(Wall Street Journal, 20.May.2020) — The Trump administration is weighing new sanctions and other legal steps to disrupt Iranian oil exports to Venezuela, U.S. officials said, in response to what the U.S. considers the Islamic Republic’s attempts to make inroads into Latin America.
The possibility of new U.S. sanctions and legal action comes as five Iranian gasoline tankers make their way toward Venezuela, offering a potential lifeline to the embattled regime of President Nicolás Maduro, according to U.S. and Iranian officials and shipping website TankerTrackers.com
Iran has warned it will retaliate against the U.S. if it blocks its ships. As crude markets recover from the disarray of a demand-eroding coronavirus pandemic and a devastating price rout, the Islamic Republic has seized an opportunity to use its oil to curry favor with U.S. rivals, including Venezuela and Syria.
Iran’s outreach to Venezuela is meant to help it “gain a positional advantage in our neighborhood as a way to counter U.S. interests,” Adm. Craig Faller, who heads the U.S. Southern Command in the Caribbean, told a videoconference organized by Florida International University on Monday.
The Venezuela-bound convoy of tankers carries Iranian oil-products worth around $45 million, said Russ Dallen, an economist at Caracas Capital Markets. U.S. pressure recently halted shipments of refining products from Russian, Spanish and Italian companies that had previously delivered limited relief from the country’s chronic gas shortages, he said.
Iran’s burgeoning efforts to build a trading and political outpost in Latin America present a challenge to the U.S.’s nearly two-century-old Monroe Doctrine, which opposes international interference in the Western Hemisphere.
The Trump administration has been debating how aggressive its response should be, the officials said. The U.S. Navy has deployed a flotilla of destroyers in the Caribbean to crack down on narcotics smuggling. Military personnel on those ships could theoretically board the Iranian vessels for inspection, the U.S. officials said.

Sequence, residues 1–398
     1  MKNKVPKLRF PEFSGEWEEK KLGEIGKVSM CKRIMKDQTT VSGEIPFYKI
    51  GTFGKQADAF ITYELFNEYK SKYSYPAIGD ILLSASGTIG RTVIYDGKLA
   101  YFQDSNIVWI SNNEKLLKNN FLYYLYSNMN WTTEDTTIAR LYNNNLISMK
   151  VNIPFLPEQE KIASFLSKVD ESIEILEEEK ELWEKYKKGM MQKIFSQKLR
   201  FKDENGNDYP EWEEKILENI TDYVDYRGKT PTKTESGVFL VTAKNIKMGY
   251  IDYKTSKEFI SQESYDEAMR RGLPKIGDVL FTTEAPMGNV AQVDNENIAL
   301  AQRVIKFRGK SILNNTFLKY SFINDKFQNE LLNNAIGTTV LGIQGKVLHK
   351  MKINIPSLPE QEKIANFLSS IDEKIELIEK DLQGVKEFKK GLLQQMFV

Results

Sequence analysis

Some U.S. officials have advocated restraint, arguing that the U.S. should only intervene if the Iranian shipments become a permanent fixture, people familiar with the matter said.
Those backing that position are wary of an escalation of tensions after Washington and Tehran narrowly avoided a full military conflict following a U.S. strike that killed a top Iranian general, Qassem Soleimani, in January.
On Monday, Adm. Faller played down the possibility of the U.S.’s Caribbean fleet being used to stop the Iranian vessels. “With respect to Venezuela, our focus has been to share intelligence, trying to figure out what Maduro and his cronies are up to,” he said.
Instead, U.S. officials are looking at measures that would deter Iran from repeating deliveries to Caracas, including imposing sanctions on the tankers’ crews—which could severely restrict employment opportunities and limit Iran’s ability to staff future vessels going to Venezuela.
The officials said the U.S. could also try to confiscate the ships, through a U.S. court proceeding called “forfeiture action” for violating American law. The process was unsuccessfully used last year to seize the Grace 1, a Syria-bound Iranian tanker.